A fraction consists of one quantity divided by another quantity. The fraction “three divided by five” or “three over five” or “three fifths” can be written as
Writing in vertical notation with a horizontal bar keeps computations with the fraction organized, since we often perform actions across the top and bottom of a fraction.
Numerator and Denominator
The first quantity, the number on top of the fraction, is called the numerator. The other number, on the bottom, is called the denominator. For example, in the fraction 3/5, the numerator is 3 and the denominator is 5.
You can think of the denominator as the “type” of a fraction – or “denomination” of a fraction, much how a $5 bill and a $10 bill are of different denominations.
To multiply two fractions, multiply the numerators to get the new numerator, and multiply the denominators to get the new denominator. That’s it!
To divide one fraction by another one, flip the numerator and denominator of the second fraction and then multiply the two fractions. The flipped-over fraction is called the reciprocal.
To add or subtract two fractions, you first need to manipulate the two fractions so that they have the same denominator.
To see why a common denominator is necessary, consider adding the value of coins using fractions. A U.S. quarter is worth a quarter of a dollar, or $1/4. For that reason, 13 quarters are worth $13/4, and if we add three more quarters, the total worth is $16/4; that is, we simply add 13+3 in the numerator.
But if we throw in three U.S. dimes, we can’t simply add 3 to the numerator of the fraction 13/4. Dimes and quarters are worth a different amount – or, to put it differently, they are each worth a different fraction of a single dollar. To add up the value of quarters and dimes, we need to express them in a common denominator, such as cents, and then each quarter is worth 25/100, and each dime is worth 10/100. With that common denominator, the values of the two coins have been expressed in such a way that they can be compared to each other or added.
That’s why we need a common denominator whenever we add two fractions: failing to use one would be like counting quarters and nickels as equal in worth.
One way to get a common denominator is to multiply the numerator and denominator of each fraction by the denominator of the other.
Another way to get a common denominator is to calculate the lowest common multiple (LCM) of the denominators, as we have discussed.
Sometimes on the GMAT you will need to rewrite a fraction in smaller numbers, while also keeping the value of the fraction the same. This is known as simplifying, or reducing to lowest terms. You’ll typically do this on a Problem Solving question once you have computed an answer and need to match it with one of the answer choices, which are all expressed in lowest terms.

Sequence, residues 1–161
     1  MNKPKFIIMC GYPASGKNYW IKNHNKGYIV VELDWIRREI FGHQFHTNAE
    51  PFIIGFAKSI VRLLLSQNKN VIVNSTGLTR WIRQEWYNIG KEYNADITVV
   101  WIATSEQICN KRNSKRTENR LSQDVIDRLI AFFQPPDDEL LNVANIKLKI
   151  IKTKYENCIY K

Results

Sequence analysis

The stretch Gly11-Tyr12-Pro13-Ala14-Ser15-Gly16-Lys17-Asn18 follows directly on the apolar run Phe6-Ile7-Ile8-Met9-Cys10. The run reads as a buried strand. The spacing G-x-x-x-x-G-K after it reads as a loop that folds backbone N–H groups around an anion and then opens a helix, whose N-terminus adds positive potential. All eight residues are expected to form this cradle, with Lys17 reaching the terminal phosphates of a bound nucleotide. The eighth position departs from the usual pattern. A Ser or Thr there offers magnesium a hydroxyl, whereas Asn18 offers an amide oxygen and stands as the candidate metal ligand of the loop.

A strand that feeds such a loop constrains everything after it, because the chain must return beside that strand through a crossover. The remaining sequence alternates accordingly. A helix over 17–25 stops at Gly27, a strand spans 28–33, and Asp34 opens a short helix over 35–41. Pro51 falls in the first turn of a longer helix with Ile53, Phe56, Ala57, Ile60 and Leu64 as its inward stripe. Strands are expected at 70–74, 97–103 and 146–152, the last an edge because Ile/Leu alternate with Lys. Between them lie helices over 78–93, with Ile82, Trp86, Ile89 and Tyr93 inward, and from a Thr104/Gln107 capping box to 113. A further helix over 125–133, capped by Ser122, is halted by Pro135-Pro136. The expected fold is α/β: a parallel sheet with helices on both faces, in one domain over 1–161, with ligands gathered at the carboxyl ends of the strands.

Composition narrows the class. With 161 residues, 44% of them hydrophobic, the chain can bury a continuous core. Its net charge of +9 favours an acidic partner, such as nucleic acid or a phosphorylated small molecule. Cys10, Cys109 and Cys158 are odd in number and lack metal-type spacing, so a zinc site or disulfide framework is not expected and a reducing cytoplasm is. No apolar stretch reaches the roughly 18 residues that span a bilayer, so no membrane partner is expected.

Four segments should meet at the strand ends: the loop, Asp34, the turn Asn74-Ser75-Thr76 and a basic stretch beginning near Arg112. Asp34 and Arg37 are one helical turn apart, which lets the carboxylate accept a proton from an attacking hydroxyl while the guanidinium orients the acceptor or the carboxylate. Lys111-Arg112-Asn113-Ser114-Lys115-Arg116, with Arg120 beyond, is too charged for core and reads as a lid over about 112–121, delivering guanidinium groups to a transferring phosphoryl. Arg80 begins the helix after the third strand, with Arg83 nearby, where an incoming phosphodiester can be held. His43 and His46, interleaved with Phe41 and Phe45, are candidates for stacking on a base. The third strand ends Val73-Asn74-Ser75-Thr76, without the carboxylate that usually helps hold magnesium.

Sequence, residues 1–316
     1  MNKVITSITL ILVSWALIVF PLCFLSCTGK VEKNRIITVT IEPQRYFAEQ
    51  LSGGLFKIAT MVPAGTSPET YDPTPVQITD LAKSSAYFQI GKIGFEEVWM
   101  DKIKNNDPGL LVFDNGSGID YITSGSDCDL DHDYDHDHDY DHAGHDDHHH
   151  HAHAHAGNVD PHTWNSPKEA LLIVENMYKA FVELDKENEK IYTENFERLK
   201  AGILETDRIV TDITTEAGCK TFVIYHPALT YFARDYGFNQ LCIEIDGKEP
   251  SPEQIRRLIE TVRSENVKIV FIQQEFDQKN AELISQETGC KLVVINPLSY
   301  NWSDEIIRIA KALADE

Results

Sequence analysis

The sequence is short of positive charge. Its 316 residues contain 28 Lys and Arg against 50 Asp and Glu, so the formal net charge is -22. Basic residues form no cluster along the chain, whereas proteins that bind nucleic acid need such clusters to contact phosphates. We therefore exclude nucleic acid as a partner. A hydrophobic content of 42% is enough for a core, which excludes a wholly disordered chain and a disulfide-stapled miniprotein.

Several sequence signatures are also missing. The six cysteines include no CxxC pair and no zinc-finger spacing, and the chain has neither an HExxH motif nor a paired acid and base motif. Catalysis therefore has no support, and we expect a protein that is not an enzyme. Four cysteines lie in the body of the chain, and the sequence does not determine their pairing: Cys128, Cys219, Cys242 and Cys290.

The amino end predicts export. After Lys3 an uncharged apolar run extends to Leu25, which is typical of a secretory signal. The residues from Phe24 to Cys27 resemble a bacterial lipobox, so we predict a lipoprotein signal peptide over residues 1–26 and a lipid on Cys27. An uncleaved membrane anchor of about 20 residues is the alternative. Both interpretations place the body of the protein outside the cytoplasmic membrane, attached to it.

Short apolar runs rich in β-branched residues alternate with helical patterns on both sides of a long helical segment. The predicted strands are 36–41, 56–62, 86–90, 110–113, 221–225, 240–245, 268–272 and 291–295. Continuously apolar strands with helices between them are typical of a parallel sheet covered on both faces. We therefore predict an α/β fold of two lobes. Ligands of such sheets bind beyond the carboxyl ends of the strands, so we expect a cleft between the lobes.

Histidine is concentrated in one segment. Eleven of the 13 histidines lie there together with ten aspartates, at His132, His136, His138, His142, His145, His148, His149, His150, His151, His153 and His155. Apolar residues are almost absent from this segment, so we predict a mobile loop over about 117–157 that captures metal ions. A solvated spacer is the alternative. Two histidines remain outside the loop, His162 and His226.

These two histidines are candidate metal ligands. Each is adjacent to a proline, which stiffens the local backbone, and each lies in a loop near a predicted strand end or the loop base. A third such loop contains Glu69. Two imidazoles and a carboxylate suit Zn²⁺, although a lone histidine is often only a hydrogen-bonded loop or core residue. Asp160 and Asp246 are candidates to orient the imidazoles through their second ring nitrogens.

To reiterate, reducing fractions is essentially replacing your original fraction with another one of equal value, called an equivalent fraction. Below are a few examples of equivalent fractions.
When the fraction 4/8 is reduced to lowest terms, it becomes 1/2. This example fits our common sense. A fraction is in its lowest terms when both the numerator and denominator cannot be divided evenly by any number other than one.
To reduce a fraction to lowest terms, you must divide the numerator and denominator by the largest whole number that divides evenly into both. For example, to reduce the fraction 3/9 to lowest terms, divide the numerator (3) and denominator (9) by three:
If it’s not obvious what’s the greatest number that can be divided into both numerator and denominator, try dividing the numerator and denominator by any common factor. Repeat this process until you’re convinced the fraction is in lowest terms.
In this problem, the largest whole number is difficult to see, so we first divide the numerator and denominator by two, as shown:
Next divide by two again:
There are no whole numbers left which can divide evenly into 3/5, so we have found the lowest terms.
Another example: let’s reduce 18/24 to lowest terms. To do this, we divide the numerator and denominator by six, as shown:
Another example: We’ll reduce 112/126 to lowest terms.
The largest whole number that goes into 112 and 126 may not be immediately apparent. So, first we can divide the numerator and denominator by two:
Now we can see that 7 is a common factor between numerator and denominator:
Therefore, 112/126 reduced to lowest terms is 8/9.
Greatest Common Factor Method
The second method of simplifying fractions involves finding the greatest common factor between the numerator and the denominator. We do this by breaking up both the numerator and the denominator into their prime factors:
As the strikethroughs above indicate, we divide the common 2’s out of the fraction. (Recall that each 2/2 is just multiplying by 1; that’s why they cancel.) We are left with one 2 in the denominator.
Raising Fractions to Higher Terms
To raise a fraction to higher terms is to rewrite it in larger numbers while keeping the fraction equivalent to the original in value. For example, we can write the fraction 2/5 in higher terms: